Today’s Wonder of the Day was inspired by The Wonder Team. The Wonder Team Wonders, “What are earthquake lights?” Thanks for WONDERing with us, The Wonder Team!

Imagine you’re enjoying a cool spring evening in a local park. Your family is sitting on a blanket, finishing the dinner you brought as a picnic. The sun has just set on a beautiful day. Suddenly, you notice blue orbs of light in the distance. You watch, confused, as they hover near the horizon. That’s when you feel the ground start to shake. It’s an earthquake!

The quake is over quickly. Your family members are unharmed. Everyone gathers up the leftovers and picnic blanket to head home. But you’re still WONDERing—what were those orbs of light? Where did they come from? Were they connected to the earthquake?

You just experienced a phenomenon called earthquake lights. People have reported these sightings for thousands of years—since at least 89 B.C.E. For many years, though, scientists were skeptical. After all, think about it—mysterious lights in the sky? It sounds more like something from science fiction than from reality.

In the age of technology, though, earthquake lights are harder to deny. They were caught on camera for the first time in 1965 during an earthquake in Japan. Since then, other footage has continued to roll in. They were recorded just before a 2008 quake in China. Similar sightings came from Italy in 2009 and New Zealand in 2016.

What do these lights look like? Their appearance varies. Sometimes, they’re floating orbs, like those described earlier. Other times, they appear as green cloud-like streaks. Sometimes, the light even seems to move across the sky like lightning. A few witnesses even said the lights came up from the ground. 

How would you explain earthquake lights? Could they be extra electricity? Are they a reflection? Might they be the Earth’s warning that an earthquake is about to happen? Experts have worked hard to learn about earthquake lights, and they may have an explanation.

Experts say that before an earthquake, the tension in the ground may break apart groups of negatively charged oxygen atoms. When this happens, those atoms rush to the surface. There, they form clusters that create a charged gas that sends off light.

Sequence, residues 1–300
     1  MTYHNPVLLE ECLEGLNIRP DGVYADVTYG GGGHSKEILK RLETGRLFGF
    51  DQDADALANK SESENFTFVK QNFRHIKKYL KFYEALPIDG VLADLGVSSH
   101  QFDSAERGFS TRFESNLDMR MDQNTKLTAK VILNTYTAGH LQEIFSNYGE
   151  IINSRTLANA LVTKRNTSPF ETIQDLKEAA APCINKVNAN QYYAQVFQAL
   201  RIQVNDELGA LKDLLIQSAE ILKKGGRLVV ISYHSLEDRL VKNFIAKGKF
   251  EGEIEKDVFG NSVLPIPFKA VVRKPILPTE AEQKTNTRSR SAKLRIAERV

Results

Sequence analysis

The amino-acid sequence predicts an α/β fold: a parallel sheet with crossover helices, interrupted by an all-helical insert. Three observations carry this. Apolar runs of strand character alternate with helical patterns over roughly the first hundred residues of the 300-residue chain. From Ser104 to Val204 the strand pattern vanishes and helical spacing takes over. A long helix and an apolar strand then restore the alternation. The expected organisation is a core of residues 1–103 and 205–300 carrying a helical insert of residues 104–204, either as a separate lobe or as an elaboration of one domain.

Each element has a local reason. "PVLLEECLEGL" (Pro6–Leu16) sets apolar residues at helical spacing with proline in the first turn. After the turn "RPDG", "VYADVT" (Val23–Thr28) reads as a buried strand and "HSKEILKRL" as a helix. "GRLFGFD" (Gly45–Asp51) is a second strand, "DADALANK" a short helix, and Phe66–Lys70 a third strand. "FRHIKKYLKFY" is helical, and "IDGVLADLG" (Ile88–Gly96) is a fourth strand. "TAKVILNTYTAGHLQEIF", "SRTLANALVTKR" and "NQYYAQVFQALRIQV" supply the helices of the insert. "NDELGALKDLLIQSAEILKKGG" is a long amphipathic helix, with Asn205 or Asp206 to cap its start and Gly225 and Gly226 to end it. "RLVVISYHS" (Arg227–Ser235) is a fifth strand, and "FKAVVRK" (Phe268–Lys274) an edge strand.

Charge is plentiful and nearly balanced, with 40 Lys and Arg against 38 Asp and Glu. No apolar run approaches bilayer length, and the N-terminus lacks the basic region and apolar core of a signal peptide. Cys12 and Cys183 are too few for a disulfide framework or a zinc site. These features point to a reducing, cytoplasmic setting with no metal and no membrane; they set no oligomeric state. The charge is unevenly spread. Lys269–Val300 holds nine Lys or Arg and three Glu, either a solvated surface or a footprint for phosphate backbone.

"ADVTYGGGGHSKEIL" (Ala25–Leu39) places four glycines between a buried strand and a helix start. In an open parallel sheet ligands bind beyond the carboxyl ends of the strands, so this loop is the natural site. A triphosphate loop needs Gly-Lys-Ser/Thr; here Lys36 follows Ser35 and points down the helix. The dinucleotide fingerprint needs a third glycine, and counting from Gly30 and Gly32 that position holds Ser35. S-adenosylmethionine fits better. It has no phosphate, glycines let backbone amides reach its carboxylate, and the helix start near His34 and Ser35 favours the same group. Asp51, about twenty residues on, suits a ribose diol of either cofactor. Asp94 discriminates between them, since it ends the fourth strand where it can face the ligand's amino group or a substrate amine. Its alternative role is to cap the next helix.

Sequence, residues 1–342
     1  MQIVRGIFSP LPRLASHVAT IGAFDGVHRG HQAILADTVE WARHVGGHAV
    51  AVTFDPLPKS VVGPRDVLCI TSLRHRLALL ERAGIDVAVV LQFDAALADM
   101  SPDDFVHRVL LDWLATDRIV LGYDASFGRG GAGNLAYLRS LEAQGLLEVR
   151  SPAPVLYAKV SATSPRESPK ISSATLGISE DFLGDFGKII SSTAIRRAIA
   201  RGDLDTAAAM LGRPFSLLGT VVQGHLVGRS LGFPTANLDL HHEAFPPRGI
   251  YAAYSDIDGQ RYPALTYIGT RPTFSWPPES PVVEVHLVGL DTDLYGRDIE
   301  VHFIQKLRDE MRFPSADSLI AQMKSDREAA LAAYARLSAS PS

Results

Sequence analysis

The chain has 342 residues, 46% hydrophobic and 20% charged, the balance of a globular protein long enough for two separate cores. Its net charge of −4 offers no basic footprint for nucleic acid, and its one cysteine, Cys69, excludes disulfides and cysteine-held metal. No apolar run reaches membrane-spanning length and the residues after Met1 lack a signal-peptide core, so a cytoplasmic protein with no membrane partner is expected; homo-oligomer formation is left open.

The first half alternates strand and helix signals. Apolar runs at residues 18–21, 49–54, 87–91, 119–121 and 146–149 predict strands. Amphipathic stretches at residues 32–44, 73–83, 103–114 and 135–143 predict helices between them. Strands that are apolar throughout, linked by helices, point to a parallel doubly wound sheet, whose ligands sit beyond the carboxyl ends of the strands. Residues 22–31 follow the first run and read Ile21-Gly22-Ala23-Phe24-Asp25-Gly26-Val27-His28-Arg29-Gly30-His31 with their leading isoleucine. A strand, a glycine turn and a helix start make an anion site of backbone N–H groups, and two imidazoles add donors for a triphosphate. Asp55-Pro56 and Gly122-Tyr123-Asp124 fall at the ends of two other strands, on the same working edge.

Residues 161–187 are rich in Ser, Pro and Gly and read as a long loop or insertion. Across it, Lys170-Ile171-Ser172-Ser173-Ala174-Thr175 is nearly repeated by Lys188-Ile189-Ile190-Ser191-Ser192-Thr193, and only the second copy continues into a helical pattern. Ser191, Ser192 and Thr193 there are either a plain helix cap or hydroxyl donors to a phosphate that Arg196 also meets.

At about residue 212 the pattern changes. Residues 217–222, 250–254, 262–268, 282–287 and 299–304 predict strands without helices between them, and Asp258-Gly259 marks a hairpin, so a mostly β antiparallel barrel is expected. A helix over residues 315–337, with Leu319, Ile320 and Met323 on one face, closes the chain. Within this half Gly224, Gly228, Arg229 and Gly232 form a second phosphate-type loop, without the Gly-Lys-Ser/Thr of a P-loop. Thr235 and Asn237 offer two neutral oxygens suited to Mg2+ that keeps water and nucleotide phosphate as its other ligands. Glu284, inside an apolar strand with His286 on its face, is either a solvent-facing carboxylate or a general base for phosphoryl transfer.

This may explain where the light comes from, but what determines the shape it takes? Experts aren’t quite sure. They’re still learning about this topic. New information could be available in the future. 

Additionally, the lights don’t appear with every earthquake. In fact, they’re quite rare. You may have learned that most earthquakes happen near fault lines, where two tectonic plates come together. That’s true—but some earthquakes occur within a tectonic plate near a continental rift. Scientists found that 85 percent of earthquake lights were reported during earthquakes in these zones. 

How about the other 15 percent? They were during quakes in which two tectonic plates slid past each other, rather than on top of or underneath each other. Experts believe this is important but aren’t sure exactly what it means yet, either.

What do you think? Why might earthquake lights sometimes look like orbs? What causes others to take the shape of lightning? Why do they happen during some quakes and not others? Investigate further—maybe you’ll be the one to find the answers!

Standards: ESS2.B, CCRA.R.4, CCRA.L3, CCRA.L.6, CCRA.R.1, CCRA.R.2, CCRA.SL.1, CCRA.SL.2, CCRA.W.2, CCRA.W.3, CCRA.L.1, CCRA.L.2

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